These materials morph into 3D shapes in ways that aren’t usually physically possible.
Researchers at Carnegie Mellon University and the Swiss Federal Institute of Technology are working on a technique to use origami-like folding to take advantage of the unique physical properties of auxetic materials, which stretch in two dimensions.
Most materials behave like rubber bands when stretched: they may expand in one direction, but must contract in the other. Auxetic materials stretch uniformly in two dimensions, enabling researchers to create devices that expand in ways that can be useful in medical and other applications. For example, they can form 3D surfaces such as spheres from pieces that are flat.
“We’re taking a flat piece of material and giving it the tendency, or even the desire, to bend into a certain 3D shape,” said Keenan Crane, assistant professor of computer science and robotics at Carnegie Mellon.
In order to do it, they needed to use computation to map how the auxetic materials expand. PhD student Mina Konaković used a 3D digital model and conformal geometry to predict how the auxetic materials would move. She cut hexagonal slits into metal and plastic sheets, giving them auxetic capabilities. A computational tool and a laser cutter were used to determine the right configuration and size of the pieces. After it was done, 3D shapes could be built out of the sheets. The hexagonal slits created triangular elements that rotated relative to the other pieces around them.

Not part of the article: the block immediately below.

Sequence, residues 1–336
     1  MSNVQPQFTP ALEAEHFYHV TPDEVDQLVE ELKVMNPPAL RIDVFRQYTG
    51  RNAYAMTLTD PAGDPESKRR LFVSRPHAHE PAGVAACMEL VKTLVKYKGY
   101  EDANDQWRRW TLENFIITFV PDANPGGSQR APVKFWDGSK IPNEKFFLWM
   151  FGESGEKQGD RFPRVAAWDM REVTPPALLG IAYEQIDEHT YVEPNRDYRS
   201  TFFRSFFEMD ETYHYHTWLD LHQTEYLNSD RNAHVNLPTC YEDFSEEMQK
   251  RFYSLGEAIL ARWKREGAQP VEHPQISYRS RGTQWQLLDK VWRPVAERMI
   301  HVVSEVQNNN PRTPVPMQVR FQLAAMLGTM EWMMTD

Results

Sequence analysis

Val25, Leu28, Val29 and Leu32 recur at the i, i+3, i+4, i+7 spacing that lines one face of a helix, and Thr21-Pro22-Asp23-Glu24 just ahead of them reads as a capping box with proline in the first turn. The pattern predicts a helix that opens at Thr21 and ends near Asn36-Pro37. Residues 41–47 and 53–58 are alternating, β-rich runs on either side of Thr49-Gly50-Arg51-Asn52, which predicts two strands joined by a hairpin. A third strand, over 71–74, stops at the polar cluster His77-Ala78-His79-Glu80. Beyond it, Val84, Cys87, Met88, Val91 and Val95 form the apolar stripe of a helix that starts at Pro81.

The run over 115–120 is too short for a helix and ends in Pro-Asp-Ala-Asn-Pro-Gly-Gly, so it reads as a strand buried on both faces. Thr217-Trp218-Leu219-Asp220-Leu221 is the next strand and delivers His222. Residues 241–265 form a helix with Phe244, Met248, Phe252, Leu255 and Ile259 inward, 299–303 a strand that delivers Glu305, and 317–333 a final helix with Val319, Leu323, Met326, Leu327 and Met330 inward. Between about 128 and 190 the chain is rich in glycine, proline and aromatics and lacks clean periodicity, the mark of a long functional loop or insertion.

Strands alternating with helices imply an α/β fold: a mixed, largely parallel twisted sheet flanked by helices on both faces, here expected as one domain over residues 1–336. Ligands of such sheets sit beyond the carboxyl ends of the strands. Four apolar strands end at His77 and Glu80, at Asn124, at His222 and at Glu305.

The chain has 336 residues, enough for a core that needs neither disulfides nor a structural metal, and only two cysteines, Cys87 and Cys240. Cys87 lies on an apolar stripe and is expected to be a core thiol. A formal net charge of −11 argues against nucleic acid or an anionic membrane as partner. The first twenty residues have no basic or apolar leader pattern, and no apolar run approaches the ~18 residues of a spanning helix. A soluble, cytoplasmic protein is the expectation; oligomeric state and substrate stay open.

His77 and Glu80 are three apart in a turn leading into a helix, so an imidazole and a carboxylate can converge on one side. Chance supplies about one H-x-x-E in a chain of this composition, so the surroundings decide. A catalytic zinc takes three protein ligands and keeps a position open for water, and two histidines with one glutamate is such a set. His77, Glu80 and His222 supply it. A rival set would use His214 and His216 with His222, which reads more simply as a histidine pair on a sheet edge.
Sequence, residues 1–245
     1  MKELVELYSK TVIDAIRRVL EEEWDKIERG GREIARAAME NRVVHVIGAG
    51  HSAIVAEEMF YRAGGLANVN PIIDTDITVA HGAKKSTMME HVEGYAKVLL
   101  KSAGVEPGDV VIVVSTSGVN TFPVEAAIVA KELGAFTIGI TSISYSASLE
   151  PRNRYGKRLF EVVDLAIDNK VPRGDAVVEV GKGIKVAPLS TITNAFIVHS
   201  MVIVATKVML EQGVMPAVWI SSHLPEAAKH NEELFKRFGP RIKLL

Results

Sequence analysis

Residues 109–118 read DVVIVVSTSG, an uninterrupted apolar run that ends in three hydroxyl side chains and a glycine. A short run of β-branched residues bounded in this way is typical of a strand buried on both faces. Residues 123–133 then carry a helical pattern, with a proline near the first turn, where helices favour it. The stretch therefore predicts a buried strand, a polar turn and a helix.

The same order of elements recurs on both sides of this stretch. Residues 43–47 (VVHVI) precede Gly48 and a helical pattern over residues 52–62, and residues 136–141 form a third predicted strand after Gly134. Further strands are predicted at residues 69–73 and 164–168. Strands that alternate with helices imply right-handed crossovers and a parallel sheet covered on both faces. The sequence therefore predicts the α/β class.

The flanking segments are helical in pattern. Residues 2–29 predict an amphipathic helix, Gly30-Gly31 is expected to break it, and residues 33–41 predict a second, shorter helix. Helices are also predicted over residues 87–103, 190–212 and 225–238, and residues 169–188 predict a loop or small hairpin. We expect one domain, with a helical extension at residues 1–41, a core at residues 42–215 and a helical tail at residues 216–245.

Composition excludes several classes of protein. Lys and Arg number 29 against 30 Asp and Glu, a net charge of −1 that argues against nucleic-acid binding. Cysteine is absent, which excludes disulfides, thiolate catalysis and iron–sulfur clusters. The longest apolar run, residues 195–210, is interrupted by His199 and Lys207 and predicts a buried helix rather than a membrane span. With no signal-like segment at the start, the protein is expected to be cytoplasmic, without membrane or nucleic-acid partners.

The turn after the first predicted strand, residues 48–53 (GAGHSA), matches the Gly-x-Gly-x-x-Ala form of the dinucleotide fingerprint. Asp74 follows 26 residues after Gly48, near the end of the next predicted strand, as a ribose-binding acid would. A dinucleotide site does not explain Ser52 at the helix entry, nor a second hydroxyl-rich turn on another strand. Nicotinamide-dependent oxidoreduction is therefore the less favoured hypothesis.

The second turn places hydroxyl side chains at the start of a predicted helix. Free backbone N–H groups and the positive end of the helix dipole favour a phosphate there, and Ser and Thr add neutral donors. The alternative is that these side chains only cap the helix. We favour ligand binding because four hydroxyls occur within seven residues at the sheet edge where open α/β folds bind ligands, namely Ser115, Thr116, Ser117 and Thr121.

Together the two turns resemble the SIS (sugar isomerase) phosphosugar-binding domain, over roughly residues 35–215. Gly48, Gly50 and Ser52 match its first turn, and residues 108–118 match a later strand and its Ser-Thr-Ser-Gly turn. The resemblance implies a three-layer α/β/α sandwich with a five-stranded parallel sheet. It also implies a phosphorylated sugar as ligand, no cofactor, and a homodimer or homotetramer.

It’s still difficult to get the materials to automatically take the shape that they need. Keenan Crane, assistant professor of computer science and robotics at Carnegie Mellon, said in a press release that the ability to get the shapes to automatically expand is still a work in progress. In these initial experiments, the material needed to be pressed into the shape it needed to take.
The researchers suggest that the technique could be used to build medical devices that unfold within the site of a surgery, or solar arrays that can be folded up for their launch into space and then expand on their own. So far, the team has used it to make a high-heeled shoe, a lampshade, a sculpture, and other artistic and functional objects.
The technique will be detailed at the International Conference on Computer Graphics and Interactive Techniques (SIGGRAPH) in California on July 27.
Filed Under: Rapid prototyping